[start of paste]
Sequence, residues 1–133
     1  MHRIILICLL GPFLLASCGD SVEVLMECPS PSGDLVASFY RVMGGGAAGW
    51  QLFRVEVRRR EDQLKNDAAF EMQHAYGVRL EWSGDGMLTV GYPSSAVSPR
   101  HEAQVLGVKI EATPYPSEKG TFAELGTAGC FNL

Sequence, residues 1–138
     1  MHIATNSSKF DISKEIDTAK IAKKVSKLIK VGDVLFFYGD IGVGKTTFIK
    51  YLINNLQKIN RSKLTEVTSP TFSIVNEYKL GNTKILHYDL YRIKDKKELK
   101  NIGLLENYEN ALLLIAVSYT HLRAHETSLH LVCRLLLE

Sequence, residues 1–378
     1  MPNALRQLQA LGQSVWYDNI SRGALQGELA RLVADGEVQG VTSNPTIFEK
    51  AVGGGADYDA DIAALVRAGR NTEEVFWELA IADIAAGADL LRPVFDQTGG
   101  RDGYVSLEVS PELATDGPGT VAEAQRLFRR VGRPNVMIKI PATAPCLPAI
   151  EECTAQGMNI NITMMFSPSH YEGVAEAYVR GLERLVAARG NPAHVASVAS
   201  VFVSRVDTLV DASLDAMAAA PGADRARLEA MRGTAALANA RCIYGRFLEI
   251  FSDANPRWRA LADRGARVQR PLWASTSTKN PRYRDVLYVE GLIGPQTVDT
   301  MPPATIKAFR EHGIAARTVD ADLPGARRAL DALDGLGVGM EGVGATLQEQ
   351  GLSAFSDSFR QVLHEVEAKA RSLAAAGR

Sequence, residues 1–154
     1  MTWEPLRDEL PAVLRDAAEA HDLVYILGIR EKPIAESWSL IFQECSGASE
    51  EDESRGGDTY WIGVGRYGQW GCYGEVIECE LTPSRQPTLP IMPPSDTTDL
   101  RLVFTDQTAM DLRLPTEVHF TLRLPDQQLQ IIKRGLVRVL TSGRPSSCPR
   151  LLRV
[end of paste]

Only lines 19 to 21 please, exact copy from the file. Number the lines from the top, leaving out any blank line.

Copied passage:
     1  MTWEPLRDEL PAVLRDAAEA HDLVYILGIR EKPIAESWSL IFQECSGASE
    51  EDESRGGDTY WIGVGRYGQW GCYGEVIECE LTPSRQPTLP IMPPSDTTDL
   101  RLVFTDQTAM DLRLPTEVHF TLRLPDQQLQ IIKRGLVRVL TSGRPSSCPR